Dietary supplements Supplementation

Saccharomyces boulardii – why you should supplement it?

Helicobacter pylori – an inconspicuous spiral bacterium, adapted to life in the stomach, being one of the main factors responsible for the damage to the mucous membrane of this organ, involved in the pathogenesis of mucositis, gastric and duodenal stomach ulcers and gastric cancer. H. pylori is a serious ulcerogenic factor – researchers have detected the presence of H.pylori in almost every case of peptic ulcers, and the so-called eradication allowed for complete resolution of the disease in almost 90% of people. About 20% of carriers of this bacterium get susceptible to peptic ulcer disease.

 

The role of H. pylori in the development of aforementioned diseases prompts the inclusion of appropriate eradication therapy – leading to the total elimination of all forms of bacteria. This treatment is based on the administration of antibiotics or chemotherapeutics in combination with antiulcer drugs (mainly proton pump inhibitors). The effectiveness of the therapy is high, however, it has numerous side effects. It mainly leads to the depletion of the physiological bacterial flora of the gastrointestinal tract and digestive ailments.

Probiotics are live microorganisms with a confirmed positive effect on the human body. Currently, there are many studies on the effect of supplementation of probiotic strains on the efficacy of H. pylori eradication and the relieving side effects of pharmacological treatment. One of the probiotics capable of improving eradicative therapy is undoubtedly the yeast Saccharomyces boulardii. This richly documented probiotic strain has a number of positive properties on the body. The conclusions from several publications presented below support the use of this strain in H. pylori carriers as well.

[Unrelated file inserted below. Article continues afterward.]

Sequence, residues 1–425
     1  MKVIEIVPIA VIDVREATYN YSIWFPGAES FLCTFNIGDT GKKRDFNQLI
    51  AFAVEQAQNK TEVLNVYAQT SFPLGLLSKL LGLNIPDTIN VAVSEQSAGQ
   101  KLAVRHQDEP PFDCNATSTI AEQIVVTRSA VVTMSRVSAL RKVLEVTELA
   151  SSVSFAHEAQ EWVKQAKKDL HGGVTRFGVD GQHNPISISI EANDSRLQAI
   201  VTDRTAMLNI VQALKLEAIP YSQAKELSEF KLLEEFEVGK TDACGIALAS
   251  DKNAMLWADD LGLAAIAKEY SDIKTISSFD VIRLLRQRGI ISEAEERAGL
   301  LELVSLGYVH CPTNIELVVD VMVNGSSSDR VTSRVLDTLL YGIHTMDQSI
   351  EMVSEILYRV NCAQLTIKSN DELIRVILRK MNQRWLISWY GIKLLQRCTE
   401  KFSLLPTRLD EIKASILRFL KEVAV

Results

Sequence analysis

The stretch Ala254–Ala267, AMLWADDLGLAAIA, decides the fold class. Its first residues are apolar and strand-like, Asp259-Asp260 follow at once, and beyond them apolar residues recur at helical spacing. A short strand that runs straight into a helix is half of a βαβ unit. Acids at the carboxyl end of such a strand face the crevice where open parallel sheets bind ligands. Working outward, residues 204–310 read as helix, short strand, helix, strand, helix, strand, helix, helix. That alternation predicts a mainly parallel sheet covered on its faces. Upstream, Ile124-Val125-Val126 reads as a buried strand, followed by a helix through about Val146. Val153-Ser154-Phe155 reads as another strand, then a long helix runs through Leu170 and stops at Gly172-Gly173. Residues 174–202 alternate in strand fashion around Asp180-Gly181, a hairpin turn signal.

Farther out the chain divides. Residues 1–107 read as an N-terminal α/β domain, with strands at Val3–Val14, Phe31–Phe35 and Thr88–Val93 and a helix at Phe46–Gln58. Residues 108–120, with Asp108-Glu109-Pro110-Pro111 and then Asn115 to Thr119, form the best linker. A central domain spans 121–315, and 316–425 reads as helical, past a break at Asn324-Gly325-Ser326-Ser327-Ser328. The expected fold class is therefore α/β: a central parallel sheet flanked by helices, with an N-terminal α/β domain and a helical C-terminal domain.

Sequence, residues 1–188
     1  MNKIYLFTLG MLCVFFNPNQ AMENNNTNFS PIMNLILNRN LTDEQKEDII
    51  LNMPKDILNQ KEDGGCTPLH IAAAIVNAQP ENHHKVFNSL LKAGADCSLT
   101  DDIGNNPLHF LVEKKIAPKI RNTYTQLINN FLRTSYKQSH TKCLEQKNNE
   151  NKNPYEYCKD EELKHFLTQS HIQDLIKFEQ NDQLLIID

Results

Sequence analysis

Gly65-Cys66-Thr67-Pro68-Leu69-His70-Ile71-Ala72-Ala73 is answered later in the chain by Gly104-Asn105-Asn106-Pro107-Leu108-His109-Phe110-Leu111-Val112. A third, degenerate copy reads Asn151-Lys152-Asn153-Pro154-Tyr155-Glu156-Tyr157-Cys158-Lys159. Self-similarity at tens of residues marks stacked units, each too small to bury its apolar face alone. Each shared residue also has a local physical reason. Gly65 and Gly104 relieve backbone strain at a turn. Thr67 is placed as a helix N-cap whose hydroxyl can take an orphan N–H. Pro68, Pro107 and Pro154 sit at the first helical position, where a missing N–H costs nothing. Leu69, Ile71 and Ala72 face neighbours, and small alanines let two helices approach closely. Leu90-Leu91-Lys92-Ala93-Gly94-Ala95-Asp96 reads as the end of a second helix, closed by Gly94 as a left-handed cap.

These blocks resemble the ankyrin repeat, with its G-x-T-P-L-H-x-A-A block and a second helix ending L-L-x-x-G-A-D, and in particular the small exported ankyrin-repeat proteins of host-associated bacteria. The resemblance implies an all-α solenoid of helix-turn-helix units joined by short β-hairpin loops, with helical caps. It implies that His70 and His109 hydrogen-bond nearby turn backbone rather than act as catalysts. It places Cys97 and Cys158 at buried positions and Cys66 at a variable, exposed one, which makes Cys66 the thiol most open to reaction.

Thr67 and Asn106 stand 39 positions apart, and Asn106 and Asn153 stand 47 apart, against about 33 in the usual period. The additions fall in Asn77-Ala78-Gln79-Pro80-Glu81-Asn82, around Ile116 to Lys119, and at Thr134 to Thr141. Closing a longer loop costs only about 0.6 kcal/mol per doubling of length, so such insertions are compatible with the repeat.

Eradication of H. pylori in children is very important not only due to the resolution of digestive problems, but also the prevention of subsequent complications in form of cancer. A randomized, double-blind, placebo-controlled trial was conducted to evaluate the effect of S. boulardii supplementation. Children with asymptomatic carriers of H. pylori participated in the study. After a month of supplementation, the research group had a decrease in the level of H. pylori antigens in the faeces (HpSA), while there was no change in the placebo group. This result indicates the positive effect of S. boulardii on the reduction of H. pylori colonization, however, it’s not proof of the strain’s ability to completely eradicate this bacterial species.

 

Another experiment was carried out on people undergoing triple eradication therapy with antibiotics – clarithromycin and amoxicillin and antiulcer drugs – lansoprazole. The aim of the study was to verify the potential role of S. boulardii in the prevention of side effects of treatment and the impact on the efficacy of H. pylori eradication. A randomly chosen placebo group, unlike the group receiving yeast culture of S. boulardii, experienced much more side effects in form of diarrhea, epigastric discomfort, diffuse abdominal pain, gas, nausea and urticaria. In addition, the degree of H. pylori eradication was higher in the study group than in the placebo group.

 

Conclusions from another, similar study, with the main difference that was carried out on children, are analogous – supplementation S. boulardii in combination with triple eradication therapy H. pylori significantly reduces side effects of therapy and to a small extent can improve the effectiveness of treatment.

 

The above studies show that supplementation with S. boulardii probiotic yeast significantly improves the tolerance of treatment and may increase the effectiveness of therapy. As it’s known, probiotic microorganisms have immunomodulatory activity and compete with pathogenic bacteria for their place of living and nutrients. Most probably, these are some of the mechanisms responsible for the positive influence of S. boulardii on the course of therapy against H. pylori.

 

 

https://www.ncbi.nlm.nih.gov/pmc/articles/PMC4733292/

https://www.ncbi.nlm.nih.gov/pubmed/17669103

https://www.ncbi.nlm.nih.gov/pubmed/24661511

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David

David

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